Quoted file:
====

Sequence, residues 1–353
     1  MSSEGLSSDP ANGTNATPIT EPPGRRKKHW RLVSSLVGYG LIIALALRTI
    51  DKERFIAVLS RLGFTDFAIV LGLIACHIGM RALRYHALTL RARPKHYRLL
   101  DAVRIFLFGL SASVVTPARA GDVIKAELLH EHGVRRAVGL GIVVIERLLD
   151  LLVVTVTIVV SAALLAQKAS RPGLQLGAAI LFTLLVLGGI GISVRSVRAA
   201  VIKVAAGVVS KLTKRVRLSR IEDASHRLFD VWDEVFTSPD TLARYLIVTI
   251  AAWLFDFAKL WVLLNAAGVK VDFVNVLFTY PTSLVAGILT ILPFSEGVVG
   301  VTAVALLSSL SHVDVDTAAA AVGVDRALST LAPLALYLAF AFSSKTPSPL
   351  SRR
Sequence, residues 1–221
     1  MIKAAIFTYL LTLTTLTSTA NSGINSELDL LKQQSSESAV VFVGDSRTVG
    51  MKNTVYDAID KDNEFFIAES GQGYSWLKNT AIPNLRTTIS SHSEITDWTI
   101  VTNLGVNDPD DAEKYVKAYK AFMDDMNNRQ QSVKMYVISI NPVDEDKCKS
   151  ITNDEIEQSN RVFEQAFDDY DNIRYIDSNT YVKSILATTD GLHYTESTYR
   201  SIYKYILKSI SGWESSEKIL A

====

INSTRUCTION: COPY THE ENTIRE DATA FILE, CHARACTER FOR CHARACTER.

Sequence, residues 1–353
     1  MSSEGLSSDP ANGTNATPIT EPPGRRKKHW RLVSSLVGYG LIIALALRTI
    51  DKERFIAVLS RLGFTDFAIV LGLIACHIGM RALRYHALTL RARPKHYRLL
   101  DAVRIFLFGL SASVVTPARA GDVIKAELLH EHGVRRAVGL GIVVIERLLD
   151  LLVVTVTIVV SAALLAQKAS RPGLQLGAAI LFTLLVLGGI GISVRSVRAA
   201  VIKVAAGVVS KLTKRVRLSR IEDASHRLFD VWDEVFTSPD TLARYLIVTI
   251  AAWLFDFAKL WVLLNAAGVK VDFVNVLFTY PTSLVAGILT ILPFSEGVVG
   301  VTAVALLSSL SHVDVDTAAA AVGVDRALST LAPLALYLAF AFSSKTPSPL
   351  SRR
Sequence, residues 1–221
     1  MIKAAIFTYL LTLTTLTSTA NSGINSELDL LKQQSSESAV VFVGDSRTVG
    51  MKNTVYDAID KDNEFFIAES GQGYSWLKNT AIPNLRTTIS SHSEITDWTI
   101  VTNLGVNDPD DAEKYVKAYK AFMDDMNNRQ QSVKMYVISI NPVDEDKCKS
   151  ITNDEIEQSN RVFEQAFDDY DNIRYIDSNT YVKSILATTD GLHYTESTYR
   201  SIYKYILKSI SGWESSEKIL A